Convoluted music articles predate The Fader, Pitchfork, or for that matter, all online media. If you skim through old editions of forefather music mags like Rolling Stone and Creem, you'll notice that they absolutely reveled in masturbatory puff pieces. Just look at Lester Bangs' gloriously ludicrous reflection on Astral Weeks, which spends as much time talking about Lorca as it does Van Morrison. But while those articles used the full composition to digress and reach new topics, the current trend for music critics is to pack everything into one phrase—to describe a band's sound in a convenient two hyphen, four adjective amalgams.
This isn't necessarily a bad thing. It's a far cry from the days when music genres consisted of all-inclusive captions like Pop/Rock and Singer/Songwriter. And citing influences and creating subdivisions can be both creative and thoughtful. But the current trend knows nothing about patience, and this is a bad thing. Nowadays, it's common for a music review to pack a column's worth of descriptors into one sentence, which is just as lazy as qualifying everything under Rock or Pop. So much for bucking the trend of yesteryear.
There are only a handful of current bands that really, really excite me—or at least provoke the same level of anticipation I get from Numero Group releases or Soundway Records box sets. Man Man and Black Lips are two of those bands and incidentally share many qualities. Both have a predilection for hip swaying doo wop. Both are known for reckless live performances. And both bands play music that seems to release the creative muses of most critics. The problem with playing eclectic, genre-bending music is that it inspires rambling, unintelligible labeling from music obsessives. In an interview with Black Lips drummer Joe Bradley, he recalled an article in Spin magazine that described the band as, "ninth-hand rock-a-billy garage core." What does this mean? I have no fucking idea, and neither did the Black Lips. This and other inane descriptions led the band to establish an official genre, something called "flower punk." From this point forward, "flower punk" would work like pleading the fifth. Any question about genre or sound got the same response.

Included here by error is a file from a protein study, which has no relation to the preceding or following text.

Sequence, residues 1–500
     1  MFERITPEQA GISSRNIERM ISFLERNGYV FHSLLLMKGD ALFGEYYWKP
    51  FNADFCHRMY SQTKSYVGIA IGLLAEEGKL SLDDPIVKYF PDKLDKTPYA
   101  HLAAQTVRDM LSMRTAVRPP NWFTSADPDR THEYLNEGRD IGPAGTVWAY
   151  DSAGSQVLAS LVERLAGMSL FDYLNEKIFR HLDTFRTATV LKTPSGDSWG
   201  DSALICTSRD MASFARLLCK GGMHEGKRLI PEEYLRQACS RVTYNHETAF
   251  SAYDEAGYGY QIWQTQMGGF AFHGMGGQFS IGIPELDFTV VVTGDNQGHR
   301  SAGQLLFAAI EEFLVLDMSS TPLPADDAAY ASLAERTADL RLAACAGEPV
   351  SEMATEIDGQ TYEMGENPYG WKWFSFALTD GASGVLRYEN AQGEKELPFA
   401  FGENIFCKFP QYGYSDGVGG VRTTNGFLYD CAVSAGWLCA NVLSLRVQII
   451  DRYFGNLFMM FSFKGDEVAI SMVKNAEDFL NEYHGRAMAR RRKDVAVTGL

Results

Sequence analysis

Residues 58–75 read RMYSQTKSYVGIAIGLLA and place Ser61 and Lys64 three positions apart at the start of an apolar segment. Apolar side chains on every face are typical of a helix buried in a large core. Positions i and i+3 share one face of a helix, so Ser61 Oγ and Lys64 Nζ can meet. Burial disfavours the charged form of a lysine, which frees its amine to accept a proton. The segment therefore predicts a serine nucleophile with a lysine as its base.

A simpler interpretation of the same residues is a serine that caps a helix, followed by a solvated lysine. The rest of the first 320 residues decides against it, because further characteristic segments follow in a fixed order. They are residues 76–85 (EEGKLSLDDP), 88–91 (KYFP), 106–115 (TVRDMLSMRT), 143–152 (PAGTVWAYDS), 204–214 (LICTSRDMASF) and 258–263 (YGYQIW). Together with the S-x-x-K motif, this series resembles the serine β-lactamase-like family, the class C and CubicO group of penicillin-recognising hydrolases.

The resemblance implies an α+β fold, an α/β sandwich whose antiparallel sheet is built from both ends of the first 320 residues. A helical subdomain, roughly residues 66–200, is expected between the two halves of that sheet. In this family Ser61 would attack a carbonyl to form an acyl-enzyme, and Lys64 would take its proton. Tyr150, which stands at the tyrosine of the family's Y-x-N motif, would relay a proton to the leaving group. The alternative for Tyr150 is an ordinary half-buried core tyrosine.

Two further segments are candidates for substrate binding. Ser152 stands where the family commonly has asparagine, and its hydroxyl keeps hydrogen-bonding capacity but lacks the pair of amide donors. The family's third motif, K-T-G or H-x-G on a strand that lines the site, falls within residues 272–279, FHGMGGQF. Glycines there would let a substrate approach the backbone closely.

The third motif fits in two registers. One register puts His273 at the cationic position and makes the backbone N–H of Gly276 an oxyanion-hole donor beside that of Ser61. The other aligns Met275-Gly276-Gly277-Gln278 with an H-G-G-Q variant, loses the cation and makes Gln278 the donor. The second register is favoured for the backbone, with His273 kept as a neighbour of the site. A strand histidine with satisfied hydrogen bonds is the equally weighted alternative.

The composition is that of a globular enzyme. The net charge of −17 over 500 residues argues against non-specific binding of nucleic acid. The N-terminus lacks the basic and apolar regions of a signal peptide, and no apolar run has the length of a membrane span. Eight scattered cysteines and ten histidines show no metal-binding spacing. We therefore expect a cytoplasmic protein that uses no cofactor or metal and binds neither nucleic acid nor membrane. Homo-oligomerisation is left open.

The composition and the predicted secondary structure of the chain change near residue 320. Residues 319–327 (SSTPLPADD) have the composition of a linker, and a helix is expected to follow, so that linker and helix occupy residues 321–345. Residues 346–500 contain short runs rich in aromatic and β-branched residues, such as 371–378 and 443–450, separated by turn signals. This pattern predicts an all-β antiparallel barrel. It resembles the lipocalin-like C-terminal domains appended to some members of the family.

Upon the release of Six Demon Bag, Man Man experienced the same problem that afflicted the Black Lips. Their music was described as "demon-haunted," "punk-wop," or "gypsy-Viking" something or other. I offered up the term "mustachioed R&B," which I still believe is pretty decent. Fed up with too many of these freewheeling descriptions, it didn't take long before the band started hawking its own genre. "Kitchen-Sink Pop" might only scratch the surface of the band's eccentric sound, but to the group, it was the perfect way of saying, "Just listen to the music." When I talked to lead vocalist and pianist Honus Honus on the phone, and asked about the group's newest album Rabbit Habits, he gave a brief, manicured response. "It's a pop album." The phrase seemed to roll off his tongue mechanically. And why wouldn't it? He'd probably already been asked to describe the group's sound by a million other journalists.
Man Man and Black Lips play this routine out of practicality. For a tremendous amount of listeners, music categories don't really exist beyond rock, pop, hip-hop, etc. If it has a guitar and a melody then it's all the same, right? But it also comes from a mild disdain for writers aiming to coin a new niche. With these niches comes a sense of having pegged down the sound of the musician. In this vein, a writer can label Devendra Banhart as freak-folk and call it a day.
Often a critic will combine music and image and just give it one all-encompassing qualifier. For Black Lips, the term "sloppy" seems to be used a lot to illustrate the group's live guitar work as well as their drunken, on-the-road lifestyle. Likewise, Man Man has been deemed "burly" a number of times, describing both the baritone of Honus Honus and the facial hair sported by the band members. Sometimes these terms can appropriately describe an overall aesthetic. But when they are thrown together with a hodgepodge of other adjectives, they end up sounding like a quick and all-too-easy way to characterize the band while saying very little about the music.
There is an element of superficiality in any form of labeling, whether it's the bland music genres of the past or today's overstuffed adjective combos that really don't make any sense. I guess a middle ground can be found between the two styles of writing, but as far as genres go, maybe we can try to avoid them. The witty and efficient approach adopted by magazines and music sites today can be beneficial, but often it trades in deep thought for immediacy and stickiness. Just ask Man Man and Black Lips, who have both gained huge followings from this labeling, yet despise it.
Demon-gypsy-sloppy-Viking-tormented-blues-rock! Sometimes you forgot that these are just a bunch of guys who sing and play instruments.